If you haven’t seen Simon Kim's Cote on your Instagram feed, you’re not looking. This carnivore heaven has been one of the sexiest tables in Flatiron since it opened, and the tableaux that unfold during a meal from executive chef David Shim — piles of prime meats, colorful pickles, lush trays of lettuce and shiso — are practically begging to be photographed. It’s a quintessential New York steakhouse, where wine flows freely and you can order a tin of caviar to go with your ribeye, but with the trappings of a KBBQ table and roaming aides who ensure a medium rare on the brazier. If you can, snag a reservation at basement bar Undercote, where you can get Alice in Wonderland-style drinks in a jungly, blacklit space. Entrées $14-$85, tasting menus from $52.
The High Concept Laboratory
On the heels of their successful first restaurant — the family-style Atoboy (prix fixe $42) — husband-and-wife team Junghyun "JP" and Ellia Park opened Atomix, a more intimate, and much more experimental, space in NoMad late last year. Ellia holds court upstairs at the minimalist, walk-in-only bar, with snacks and Korean-ish cocktails (like the soju-based Three Kingdoms, with vermouth and banana liqueur). JP helms the kitchen in the subterranean dining room, hosting two 14-person seatings per night, with ten poetic courses such as sea bream with mustard-leaf kimchi and uni (above). Tasting menu $175.
The Weeknight Bistro
From the outside, the dimly lit, warmly decorated Soogil would look like any other casual brasserie — and that’s the point. At this East Village hangout, Korean-born, New York-trained Soogil Lim channels the unfussy, convivial atmosphere of Manhattan’s classic neighborhood restaurants. The approachable bistro menu shines a spotlight on the chef’s dual culinary influences, and nails a balance of refined entrées and comfort food: poached monkfish and seared foie gras coexist peacefully with mung bean pancakes, homey braised short rib (above), and a “jenga tower” dessert of fried dough cigarettes topped with chestnut ice cream. Entrées $15-$28.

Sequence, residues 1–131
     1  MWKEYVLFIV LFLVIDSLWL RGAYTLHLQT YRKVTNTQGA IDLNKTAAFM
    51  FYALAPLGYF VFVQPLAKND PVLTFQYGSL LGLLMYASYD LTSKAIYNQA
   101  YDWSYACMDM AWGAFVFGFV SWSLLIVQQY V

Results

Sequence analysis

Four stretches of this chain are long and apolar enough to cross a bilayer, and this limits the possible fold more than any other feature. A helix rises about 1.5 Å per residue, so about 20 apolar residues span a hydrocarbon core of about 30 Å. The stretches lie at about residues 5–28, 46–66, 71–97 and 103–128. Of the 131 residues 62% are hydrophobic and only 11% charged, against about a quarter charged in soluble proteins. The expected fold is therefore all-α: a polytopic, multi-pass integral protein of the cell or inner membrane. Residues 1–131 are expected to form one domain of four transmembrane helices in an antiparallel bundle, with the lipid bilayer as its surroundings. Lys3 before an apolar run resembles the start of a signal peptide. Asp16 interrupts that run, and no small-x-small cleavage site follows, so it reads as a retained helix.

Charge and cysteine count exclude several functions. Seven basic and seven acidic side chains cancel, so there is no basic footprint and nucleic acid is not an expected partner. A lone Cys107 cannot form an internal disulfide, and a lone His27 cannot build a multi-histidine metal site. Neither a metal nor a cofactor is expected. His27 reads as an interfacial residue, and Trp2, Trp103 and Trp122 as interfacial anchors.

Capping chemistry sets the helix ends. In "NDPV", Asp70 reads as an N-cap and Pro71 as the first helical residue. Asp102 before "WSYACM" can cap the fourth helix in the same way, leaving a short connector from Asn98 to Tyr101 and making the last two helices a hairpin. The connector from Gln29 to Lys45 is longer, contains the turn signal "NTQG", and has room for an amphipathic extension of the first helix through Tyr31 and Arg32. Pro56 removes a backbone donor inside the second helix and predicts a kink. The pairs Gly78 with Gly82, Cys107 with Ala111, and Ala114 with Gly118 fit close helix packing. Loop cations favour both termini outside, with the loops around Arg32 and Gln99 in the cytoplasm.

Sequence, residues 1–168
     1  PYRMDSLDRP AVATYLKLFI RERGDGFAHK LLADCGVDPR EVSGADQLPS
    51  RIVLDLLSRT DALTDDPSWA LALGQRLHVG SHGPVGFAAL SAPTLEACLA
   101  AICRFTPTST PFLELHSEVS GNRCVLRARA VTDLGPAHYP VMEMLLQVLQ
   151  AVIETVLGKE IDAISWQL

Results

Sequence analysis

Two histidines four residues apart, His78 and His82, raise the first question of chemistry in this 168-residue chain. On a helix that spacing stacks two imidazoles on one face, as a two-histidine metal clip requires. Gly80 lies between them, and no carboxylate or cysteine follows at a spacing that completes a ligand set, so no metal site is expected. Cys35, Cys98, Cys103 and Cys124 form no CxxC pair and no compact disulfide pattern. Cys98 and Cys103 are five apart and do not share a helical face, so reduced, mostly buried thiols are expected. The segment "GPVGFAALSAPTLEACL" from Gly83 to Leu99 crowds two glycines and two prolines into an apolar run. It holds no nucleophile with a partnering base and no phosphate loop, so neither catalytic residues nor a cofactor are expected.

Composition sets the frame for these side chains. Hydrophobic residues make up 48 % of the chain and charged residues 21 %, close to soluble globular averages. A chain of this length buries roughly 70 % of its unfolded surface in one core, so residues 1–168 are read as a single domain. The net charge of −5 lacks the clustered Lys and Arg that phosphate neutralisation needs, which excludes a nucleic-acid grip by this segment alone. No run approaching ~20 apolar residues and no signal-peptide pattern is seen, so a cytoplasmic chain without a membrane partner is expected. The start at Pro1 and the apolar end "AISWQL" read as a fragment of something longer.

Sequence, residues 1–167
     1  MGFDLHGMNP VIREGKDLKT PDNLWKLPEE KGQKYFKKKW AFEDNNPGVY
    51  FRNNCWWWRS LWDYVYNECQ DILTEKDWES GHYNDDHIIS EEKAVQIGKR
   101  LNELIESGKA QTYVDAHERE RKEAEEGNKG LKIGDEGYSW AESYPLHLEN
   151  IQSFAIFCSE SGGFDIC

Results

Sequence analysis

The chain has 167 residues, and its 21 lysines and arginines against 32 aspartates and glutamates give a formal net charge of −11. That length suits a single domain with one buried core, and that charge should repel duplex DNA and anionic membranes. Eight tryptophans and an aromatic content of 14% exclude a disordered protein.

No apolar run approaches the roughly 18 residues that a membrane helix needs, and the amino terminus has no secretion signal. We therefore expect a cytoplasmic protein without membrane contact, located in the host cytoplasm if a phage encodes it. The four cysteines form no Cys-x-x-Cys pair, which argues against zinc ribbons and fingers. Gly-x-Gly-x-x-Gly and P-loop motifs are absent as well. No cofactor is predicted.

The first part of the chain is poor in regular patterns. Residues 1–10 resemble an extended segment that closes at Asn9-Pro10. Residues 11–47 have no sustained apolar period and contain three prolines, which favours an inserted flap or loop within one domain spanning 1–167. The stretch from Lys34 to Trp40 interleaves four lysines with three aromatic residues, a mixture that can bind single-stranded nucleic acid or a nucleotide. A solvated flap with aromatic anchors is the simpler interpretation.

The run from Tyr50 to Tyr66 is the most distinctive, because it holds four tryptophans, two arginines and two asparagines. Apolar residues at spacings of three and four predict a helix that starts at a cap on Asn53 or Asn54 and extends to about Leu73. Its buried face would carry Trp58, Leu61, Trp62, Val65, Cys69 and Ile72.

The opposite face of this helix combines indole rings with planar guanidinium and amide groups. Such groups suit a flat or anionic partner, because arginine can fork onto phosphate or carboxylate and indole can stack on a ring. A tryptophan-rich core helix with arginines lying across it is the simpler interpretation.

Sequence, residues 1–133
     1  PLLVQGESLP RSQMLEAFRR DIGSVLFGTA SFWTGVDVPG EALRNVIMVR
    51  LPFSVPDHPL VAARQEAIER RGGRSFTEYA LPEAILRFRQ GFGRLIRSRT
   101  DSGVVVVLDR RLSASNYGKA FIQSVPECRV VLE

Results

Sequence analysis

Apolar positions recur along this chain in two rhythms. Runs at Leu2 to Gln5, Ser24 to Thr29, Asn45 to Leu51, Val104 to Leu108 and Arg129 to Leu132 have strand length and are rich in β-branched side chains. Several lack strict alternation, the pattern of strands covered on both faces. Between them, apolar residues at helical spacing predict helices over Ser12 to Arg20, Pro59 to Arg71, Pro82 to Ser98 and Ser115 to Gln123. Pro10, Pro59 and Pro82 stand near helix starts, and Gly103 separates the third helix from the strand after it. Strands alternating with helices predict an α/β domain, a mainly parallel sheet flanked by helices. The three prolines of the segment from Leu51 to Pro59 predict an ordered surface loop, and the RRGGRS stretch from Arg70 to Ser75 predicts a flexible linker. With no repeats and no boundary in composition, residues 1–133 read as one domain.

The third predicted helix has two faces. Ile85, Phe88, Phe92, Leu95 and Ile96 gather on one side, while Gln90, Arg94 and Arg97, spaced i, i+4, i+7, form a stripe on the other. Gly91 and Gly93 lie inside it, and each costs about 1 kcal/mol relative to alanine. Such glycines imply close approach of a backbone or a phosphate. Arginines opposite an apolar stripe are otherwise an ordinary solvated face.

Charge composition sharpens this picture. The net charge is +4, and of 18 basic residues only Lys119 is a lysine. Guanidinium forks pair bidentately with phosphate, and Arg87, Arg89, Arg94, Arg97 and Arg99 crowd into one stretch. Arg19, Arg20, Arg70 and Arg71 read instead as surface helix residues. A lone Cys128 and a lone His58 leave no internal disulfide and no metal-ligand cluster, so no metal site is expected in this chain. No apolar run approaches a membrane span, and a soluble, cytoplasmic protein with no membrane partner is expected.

The Date Night Showstopper
In Korean, Hwaban is a descriptor that translates roughly to “as beautiful as a flower” — and it’s a fitting sobriquet for this Flatiron fine-dining restaurant from restaurateurs Key Kim and chef-owner Mihyun Han. The space is airy but pleasingly moody, with cozy gray leather banquettes and light fixtures reminiscent of petals and water droplets. Each meal unfolds over three courses, which show off executive chef Woong Jang’s impeccable technique (though some plates do come delightfully obscured under a rambling mess of blossoms and tangled herbs). The recipes are very traditional — you can easily build yourself a dinner of bibimbap and fried rice cakes — but the delicate, often surprising treatment is a testament to the possibilities of contemporary Korean cuisine. Tasting menus from $55.
The Living Legend
Okay, this one isn’t exactly all that new. It’s the first New York outpost of a famous Seoul restaurant Samwon Garden, founded in 1976 and considered the world’s longest-running KBBQ establishment. Known back in Korea for its sophisticated spin on the barbecue experience, the stateside opening has brought more hype to Koreatown than it's seen in years, with a three-story, 180-seat space that's consistently buzzing with diners. You'll find all the classics you want here, but with a few Americanized additions — including a gouda-and-bacon egg souffle, kimchi cheese fries, and a special "late night" menu of seasonal drinking snacks. Entreés $17-$43